Since we last wrote about asbestos and the National Broadband Network, it has exploded into a major political scandal.
Unfortunately, given the prevalence of asbestos in Australia, it seems every major infrastructure project strikes an asbestos issue at some stage.
Rather than getting embroiled in the political blame game, let’s look at what lessons we can draw from the latest news.
Asbestos can become a big issue very quickly
At times, it seems like asbestos has receded into the background of Australian life. Despite the well-documented dangers posed by the presence of asbestos in so many Australian houses, schools and public buildings, it can often feel like asbestos has been put in the “too hard basket”.
But events of the last few weeks have proved that it doesn’t take much for Australians to start worrying about asbestos again.
As well as making sure that proper precautions are taken around asbestos-contaminated pits, the Australian Government needs to use this opportunity to make sure everybody working on construction projects is aware of the risks of asbestos, and knows when to call for expert advice. This is especially important when private subcontractors are being used to carry out public works.
Otherwise, this won’t be the last infrastructure project to be dogged by an asbestos scare. Getting this right is more important that apportioning blame.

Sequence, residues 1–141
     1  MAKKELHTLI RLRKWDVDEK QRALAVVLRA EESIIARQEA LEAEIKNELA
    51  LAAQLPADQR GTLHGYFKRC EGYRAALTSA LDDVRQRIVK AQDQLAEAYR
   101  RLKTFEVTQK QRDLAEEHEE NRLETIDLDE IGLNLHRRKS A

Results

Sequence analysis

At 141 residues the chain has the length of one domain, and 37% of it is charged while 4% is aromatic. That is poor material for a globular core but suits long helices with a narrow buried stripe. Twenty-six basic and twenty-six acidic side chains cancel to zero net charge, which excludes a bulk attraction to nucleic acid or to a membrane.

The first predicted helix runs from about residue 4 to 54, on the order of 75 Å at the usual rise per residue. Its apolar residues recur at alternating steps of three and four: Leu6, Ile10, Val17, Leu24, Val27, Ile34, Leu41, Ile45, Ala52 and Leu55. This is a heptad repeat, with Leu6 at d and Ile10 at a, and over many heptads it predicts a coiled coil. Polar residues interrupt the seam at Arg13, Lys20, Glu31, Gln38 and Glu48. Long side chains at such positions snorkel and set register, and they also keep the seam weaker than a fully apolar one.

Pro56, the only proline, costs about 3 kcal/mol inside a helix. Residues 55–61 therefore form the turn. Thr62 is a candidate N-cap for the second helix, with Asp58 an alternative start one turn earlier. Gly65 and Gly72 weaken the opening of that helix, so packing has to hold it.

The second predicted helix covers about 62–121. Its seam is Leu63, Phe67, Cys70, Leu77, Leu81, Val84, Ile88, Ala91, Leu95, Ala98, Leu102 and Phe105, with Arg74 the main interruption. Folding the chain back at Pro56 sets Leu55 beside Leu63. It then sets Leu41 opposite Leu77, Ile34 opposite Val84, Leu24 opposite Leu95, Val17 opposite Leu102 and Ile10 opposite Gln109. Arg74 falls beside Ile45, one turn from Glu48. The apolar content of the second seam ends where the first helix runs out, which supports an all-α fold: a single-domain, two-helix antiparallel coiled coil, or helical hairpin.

Air monitoring is crucial
The NBN Co will now be using specialised asbestos removal contractors to work around the asbestos-contaminated Telstra pits where the NBN is being installed.
As part of this more rigorous protocol, there will be air quality monitoring in place to ensure that workers and the public aren’t put at risk.
It probably goes without saying, but a more comprehensive risk management strategy earlier in the process, including air monitoring around sites known to contain asbestos, could have prevented the problems with the project from spiralling out of control.
It’s not just about asbestos
We have an understandable focus on asbestos at Airsafe, but it’s important not to ignore other risks from hazardous materials. In the case of the Telstra pits being used for the NBN, many of them are also contaminated with Dieldrin, a toxic termite pesticide that was used over many years to stop termite damage.
The combination of asbestos and Dieldrin makes remediation doubly complicated, as disposal requirements for the two materials are quite different.
At Airsafe, we have decades of experience in consulting on all kinds of hazardous materials, not just asbestos. We can test for Dieldrin and, if it’s found, advise on the best course of action. Contact us for more details.